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  #751536 27-Jan-2013 17:10
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It talks about cars, but I assume like with current annual warrants, the same will apply to motorbikes?

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  #751549 27-Jan-2013 17:30
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I doubt the actual warrant will cost more but fewer mechanics will allow things to slide for twelve months.

That means not as much "she'll be right till next time" with brake pads, tyres and so on.

This sounds like a good thing but in actual fact it simply means things will be repaired too early - while they still have life in them.

It just got more expensive to maintain a car. Enjoy :)

 
 
 
 


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  #751567 27-Jan-2013 17:52
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1080p: I doubt the actual warrant will cost more but fewer mechanics will allow things to slide for twelve months.

That means not as much "she'll be right till next time" with brake pads, tyres and so on.

This sounds like a good thing but in actual fact it simply means things will be repaired too early - while they still have life in them.

It just got more expensive to maintain a car. Enjoy :)


Newton's Law # III.

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  #751572 27-Jan-2013 17:55
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Whether it is a good idea depends on the data. The issue is how much of an impact will this have on road safety, and I understand from what I have seen in the media that the expert advice provided to the government is "virtually no impact".

If that's true then I'm all in favour but, if it isn't, then I'm opposed.

Personally, I maintain my (older but low mileage) care well and have never failed a warrant. For me, 6-month warrants are a pain in the backside. It's not just the cost - it's the hassle factor of getting the car to the garage, picking it up afterwards (I can never get away from work in time to get there before they close) etc.

I take the media campaign by the MTA with multiple grains of salt - their members stay in business by doing warrant work. Asking them whether it's a good idea for people to get frequent WoF inspections is like asking a Harvey Norman sales manager whether it's a good idea to upgrade my TV by buying a new one off them - it's not exactly unbiased advice!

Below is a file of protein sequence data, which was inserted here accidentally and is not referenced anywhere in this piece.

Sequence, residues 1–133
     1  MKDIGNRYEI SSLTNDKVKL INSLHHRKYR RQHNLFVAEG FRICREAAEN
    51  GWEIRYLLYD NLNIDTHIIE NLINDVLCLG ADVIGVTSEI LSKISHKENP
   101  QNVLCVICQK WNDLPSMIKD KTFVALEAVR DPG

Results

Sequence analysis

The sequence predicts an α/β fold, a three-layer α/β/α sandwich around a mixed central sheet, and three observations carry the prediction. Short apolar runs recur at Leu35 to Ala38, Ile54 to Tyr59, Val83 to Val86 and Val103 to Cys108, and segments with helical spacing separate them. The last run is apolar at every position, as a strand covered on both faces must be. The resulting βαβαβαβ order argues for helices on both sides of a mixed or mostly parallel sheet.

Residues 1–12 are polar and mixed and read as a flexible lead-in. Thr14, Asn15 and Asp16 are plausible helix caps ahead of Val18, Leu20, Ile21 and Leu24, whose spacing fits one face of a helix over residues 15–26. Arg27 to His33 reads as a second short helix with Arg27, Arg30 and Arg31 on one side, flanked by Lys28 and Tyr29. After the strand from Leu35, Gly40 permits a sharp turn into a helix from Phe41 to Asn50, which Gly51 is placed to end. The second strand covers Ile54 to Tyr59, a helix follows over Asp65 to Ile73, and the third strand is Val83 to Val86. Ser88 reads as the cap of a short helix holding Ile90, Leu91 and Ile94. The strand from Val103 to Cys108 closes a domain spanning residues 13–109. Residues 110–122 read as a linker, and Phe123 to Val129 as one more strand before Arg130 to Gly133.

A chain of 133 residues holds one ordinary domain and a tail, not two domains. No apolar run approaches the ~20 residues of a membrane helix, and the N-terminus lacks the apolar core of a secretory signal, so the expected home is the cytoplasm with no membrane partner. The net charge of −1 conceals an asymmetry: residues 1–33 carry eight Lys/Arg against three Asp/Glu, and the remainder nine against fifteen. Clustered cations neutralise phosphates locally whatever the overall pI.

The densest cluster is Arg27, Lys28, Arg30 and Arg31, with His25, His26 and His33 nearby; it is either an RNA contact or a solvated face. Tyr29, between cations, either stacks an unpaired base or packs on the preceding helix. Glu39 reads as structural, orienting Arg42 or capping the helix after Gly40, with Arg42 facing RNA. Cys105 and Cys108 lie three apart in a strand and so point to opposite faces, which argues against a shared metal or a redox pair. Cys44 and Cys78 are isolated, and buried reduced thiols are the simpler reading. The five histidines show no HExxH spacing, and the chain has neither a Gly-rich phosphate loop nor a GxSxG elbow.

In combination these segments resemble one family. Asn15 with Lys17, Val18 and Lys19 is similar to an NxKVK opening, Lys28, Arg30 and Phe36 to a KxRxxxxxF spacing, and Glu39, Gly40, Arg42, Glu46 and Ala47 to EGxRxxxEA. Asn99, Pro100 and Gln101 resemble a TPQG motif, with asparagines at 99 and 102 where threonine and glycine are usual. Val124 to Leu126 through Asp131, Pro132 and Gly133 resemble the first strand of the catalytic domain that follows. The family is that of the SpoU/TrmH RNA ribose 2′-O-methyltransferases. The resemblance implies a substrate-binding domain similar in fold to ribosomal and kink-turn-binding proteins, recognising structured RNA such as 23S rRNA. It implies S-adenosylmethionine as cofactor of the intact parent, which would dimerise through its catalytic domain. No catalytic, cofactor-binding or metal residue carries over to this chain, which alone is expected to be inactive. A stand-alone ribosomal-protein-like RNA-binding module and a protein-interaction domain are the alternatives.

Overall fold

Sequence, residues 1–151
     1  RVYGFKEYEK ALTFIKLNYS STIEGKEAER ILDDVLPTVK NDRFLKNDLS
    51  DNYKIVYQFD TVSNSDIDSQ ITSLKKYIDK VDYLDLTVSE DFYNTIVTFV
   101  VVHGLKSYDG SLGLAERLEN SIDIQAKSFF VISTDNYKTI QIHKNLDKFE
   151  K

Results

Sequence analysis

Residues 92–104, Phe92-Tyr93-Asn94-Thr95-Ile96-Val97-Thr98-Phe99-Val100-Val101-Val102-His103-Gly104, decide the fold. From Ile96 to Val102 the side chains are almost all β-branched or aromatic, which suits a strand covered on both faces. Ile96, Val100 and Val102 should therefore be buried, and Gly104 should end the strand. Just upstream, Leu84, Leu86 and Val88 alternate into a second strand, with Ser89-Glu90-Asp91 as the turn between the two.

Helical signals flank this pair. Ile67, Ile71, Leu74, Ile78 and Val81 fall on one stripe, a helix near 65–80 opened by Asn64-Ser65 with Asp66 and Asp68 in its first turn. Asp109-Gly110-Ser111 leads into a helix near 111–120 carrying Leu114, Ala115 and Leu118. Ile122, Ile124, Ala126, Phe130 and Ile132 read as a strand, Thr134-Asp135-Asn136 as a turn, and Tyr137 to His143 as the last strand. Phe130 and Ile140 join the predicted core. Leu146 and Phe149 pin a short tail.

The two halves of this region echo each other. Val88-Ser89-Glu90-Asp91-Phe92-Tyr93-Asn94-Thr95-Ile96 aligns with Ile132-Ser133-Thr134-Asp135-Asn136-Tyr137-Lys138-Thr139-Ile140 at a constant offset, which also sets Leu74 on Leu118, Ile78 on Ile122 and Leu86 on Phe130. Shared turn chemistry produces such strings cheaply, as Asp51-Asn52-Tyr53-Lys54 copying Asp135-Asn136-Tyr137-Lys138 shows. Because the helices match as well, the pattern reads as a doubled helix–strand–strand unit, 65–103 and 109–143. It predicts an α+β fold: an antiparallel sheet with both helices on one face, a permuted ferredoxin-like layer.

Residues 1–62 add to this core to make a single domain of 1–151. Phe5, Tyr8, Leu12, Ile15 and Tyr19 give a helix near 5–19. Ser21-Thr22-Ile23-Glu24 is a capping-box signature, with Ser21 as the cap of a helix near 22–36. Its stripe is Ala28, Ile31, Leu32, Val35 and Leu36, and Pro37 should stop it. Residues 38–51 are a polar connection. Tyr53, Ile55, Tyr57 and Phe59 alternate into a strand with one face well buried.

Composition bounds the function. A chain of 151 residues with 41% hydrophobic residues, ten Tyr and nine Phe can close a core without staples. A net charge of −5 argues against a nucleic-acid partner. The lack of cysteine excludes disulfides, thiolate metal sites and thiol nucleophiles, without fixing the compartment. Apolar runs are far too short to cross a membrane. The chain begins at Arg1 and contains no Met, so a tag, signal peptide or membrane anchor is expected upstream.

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  #751576 27-Jan-2013 18:25
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1080p: I doubt the actual warrant will cost more but fewer mechanics will allow things to slide for twelve months.

That means not as much "she'll be right till next time" with brake pads, tyres and so on.

This sounds like a good thing but in actual fact it simply means things will be repaired too early - while they still have life in them.

It just got more expensive to maintain a car. Enjoy :)


As I said above, it will cost more and there is no doubt about that as it will be a more comprehesive test. How much more will be seen when NZTA starts the new WOF issuing audit guidelines and tests for WOF issuers.

And as said earlier, the vehicle only has to pass on the day the inspection is carried out and any areas that will need attention soon are usually brought to the owners attention - not be OK for the next twelve months. It has, and always will be the vehicle owners responsibilty to keep it in WOF condition.

gzt

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  #751586 27-Jan-2013 18:57
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clevedon: As I said above, it will cost more and there is no doubt about that as it will be a more comprehesive test. How much more will be seen when NZTA starts the new WOF issuing audit guidelines and tests for WOF issuers.

I have not heard about this. Are there any discussion papers about proposed changes or proposed ideas about what changes are desirable?

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  #751588 27-Jan-2013 18:59
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JimmyH: Asking them whether it's a good idea for people to get frequent WoF inspections is like asking a Harvey Norman sales manager whether it's a good idea to upgrade my TV by buying a new one off them - it's not exactly unbiased advice!


More like buying a new TV at Harvey Norman and asking the sales person it is worth buying the extended warranty...






 
 
 
 


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  #751596 27-Jan-2013 19:01
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casewindow: The new rules look like they'll take upto July 2014 to come into force anyway, so you'll have lots of time to find out from the LTSA


I noticed this.  The good old NZ lets take a long time to do it.  Like the left turn rule change.  Why can't they just  say from the next WOF  it will be 12 months  or 6 depending on vehicle age